Review Summary: Fight for your right to hate the night
There's something about Random Spirit Lover
that reminds me of the rival sacred and secular music worlds. It's not that Krug is either religious or especially not; it's because on “The Mending of the Gown” he drunkenly charges the pulpit of some old glittering cathedral, bottles deposed along the back wall, as he begins his next hobby of singing songs.
“Colt Stands Up, Grows Horns” is the mysterious hymn of that wild and dark but loving spirit. From start to finish of Sunset Rubdown's third LP, Krug maniacally wrests the deserted church through a cathartic storm of key changes, windy atmospheres, bells, insanity, and revelry. “Industrious”, “brilliant”, and “quiet” are all words that have been used to describe Krug, but I'd like to dwell on another: shameless. He has no instinct to limit his creative or pop side, but manages to deliver enough of each to satisfy the other. Krug has called his Sunset Rubdown project (more) “cerebral” (than Wolf Parade) and his “personal brainchild.” That authority enables a tender balance of Krug's colorful character in this group. That balance saves Random Spirit Lover
from death by boredom or extremity.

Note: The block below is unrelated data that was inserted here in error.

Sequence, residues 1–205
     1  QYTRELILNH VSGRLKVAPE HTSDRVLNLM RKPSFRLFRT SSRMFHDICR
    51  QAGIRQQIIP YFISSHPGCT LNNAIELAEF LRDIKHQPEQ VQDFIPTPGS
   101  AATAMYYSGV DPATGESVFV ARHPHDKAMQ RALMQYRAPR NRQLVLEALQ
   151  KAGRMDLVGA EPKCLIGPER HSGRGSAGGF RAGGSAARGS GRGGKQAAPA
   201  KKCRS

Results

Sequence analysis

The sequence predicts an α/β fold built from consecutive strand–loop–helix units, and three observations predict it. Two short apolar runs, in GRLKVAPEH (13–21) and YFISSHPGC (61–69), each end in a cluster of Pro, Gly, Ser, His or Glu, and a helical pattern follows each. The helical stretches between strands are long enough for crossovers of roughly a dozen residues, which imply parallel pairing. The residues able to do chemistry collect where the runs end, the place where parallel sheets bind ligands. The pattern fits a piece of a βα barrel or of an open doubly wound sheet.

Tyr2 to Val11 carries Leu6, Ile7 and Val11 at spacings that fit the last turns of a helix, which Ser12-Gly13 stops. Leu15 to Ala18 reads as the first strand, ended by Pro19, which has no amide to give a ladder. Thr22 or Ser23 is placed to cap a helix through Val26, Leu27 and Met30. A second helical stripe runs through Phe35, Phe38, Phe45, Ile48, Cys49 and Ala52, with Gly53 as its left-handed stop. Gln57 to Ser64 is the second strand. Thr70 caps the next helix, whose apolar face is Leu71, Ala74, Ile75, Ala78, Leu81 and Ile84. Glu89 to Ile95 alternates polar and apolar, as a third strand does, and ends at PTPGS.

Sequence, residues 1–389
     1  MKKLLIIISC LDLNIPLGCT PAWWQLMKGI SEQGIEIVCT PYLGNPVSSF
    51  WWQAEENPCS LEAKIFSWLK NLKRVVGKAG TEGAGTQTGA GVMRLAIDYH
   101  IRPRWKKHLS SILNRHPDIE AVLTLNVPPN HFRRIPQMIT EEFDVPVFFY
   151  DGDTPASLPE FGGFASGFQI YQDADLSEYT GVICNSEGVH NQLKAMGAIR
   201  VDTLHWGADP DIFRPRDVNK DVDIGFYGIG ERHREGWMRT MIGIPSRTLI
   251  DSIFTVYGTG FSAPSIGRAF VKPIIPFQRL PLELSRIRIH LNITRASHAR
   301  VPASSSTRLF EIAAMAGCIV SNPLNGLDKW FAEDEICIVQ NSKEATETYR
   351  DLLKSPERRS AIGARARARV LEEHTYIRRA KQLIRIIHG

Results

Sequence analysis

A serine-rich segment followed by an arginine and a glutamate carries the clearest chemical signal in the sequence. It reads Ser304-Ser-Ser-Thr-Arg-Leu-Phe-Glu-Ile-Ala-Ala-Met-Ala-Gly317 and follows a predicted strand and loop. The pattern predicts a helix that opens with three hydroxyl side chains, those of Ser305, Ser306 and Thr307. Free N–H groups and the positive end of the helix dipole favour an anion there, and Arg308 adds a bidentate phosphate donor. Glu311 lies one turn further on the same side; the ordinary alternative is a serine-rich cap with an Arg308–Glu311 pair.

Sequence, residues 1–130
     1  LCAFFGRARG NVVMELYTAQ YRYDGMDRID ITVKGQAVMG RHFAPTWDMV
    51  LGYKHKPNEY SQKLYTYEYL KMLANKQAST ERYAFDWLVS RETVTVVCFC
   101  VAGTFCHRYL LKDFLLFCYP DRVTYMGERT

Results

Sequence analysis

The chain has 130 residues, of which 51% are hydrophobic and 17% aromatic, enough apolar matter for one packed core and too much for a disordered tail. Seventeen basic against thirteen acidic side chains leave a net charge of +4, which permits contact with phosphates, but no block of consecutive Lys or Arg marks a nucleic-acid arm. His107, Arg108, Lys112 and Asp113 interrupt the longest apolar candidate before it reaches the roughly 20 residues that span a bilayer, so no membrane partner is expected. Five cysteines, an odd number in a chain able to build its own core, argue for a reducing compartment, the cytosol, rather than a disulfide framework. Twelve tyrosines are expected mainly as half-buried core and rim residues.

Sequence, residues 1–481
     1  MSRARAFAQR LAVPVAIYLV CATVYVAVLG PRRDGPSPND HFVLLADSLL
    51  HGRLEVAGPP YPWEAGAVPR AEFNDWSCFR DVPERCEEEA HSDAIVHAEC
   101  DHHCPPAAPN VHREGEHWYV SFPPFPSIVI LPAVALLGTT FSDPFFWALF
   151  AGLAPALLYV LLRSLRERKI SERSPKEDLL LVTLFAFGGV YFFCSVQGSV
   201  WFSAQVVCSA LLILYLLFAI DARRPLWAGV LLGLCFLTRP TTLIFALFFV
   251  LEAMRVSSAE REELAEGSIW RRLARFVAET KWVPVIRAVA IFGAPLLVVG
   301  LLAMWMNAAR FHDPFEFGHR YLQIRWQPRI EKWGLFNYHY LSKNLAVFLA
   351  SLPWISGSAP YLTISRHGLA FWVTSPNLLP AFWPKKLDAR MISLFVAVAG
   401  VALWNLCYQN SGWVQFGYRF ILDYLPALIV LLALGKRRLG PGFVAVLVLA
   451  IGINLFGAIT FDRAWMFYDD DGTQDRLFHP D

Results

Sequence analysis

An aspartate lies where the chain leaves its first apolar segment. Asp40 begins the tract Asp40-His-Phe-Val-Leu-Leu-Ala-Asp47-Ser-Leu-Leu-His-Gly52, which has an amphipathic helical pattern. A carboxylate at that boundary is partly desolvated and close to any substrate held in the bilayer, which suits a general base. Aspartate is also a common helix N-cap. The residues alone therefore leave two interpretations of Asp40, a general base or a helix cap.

If you listened to only “The Taming of the Hands That Came Back To Life” or “Setting Vs. Rising” you'd probably like the songs; they're either strikingly catchy or pretty enough to stick to listeners. They also show Sunset Rubdown's quirky guitar lines, instrumentation, and vocal delivery. But if all of that goes down easy, discovering the way this album develops, segues songs, and rises and falls as a whole is a bright victory. Pianos, fuzzy riffs, mallet percussion, and acoustic guitars are ruthlessly exploited for jilting hooks, rhythms, and tonal mutations. But just as “The Courtesan Has Sung” slides from metallic yelping into the timeliest of enchanting choruses, this album maintains a healthy medium amidst all the eccentricity spilling over.
Of this album Krug's said, “I don't hate it. I have hated things that I have put out. Not this one.” And there you have it. Take his word for it. This album is an explosive example of the magic of one of indie rock's most gifted wizards. His lyrics are more mesmerizing than enlightening, but his shameless racing down what appear to be bizarre tonal rabbit trails is all one need hear to fall under his rapturous spell. It garnered the most first place votes of any 2007 album by Pitchfork's readers for a reason.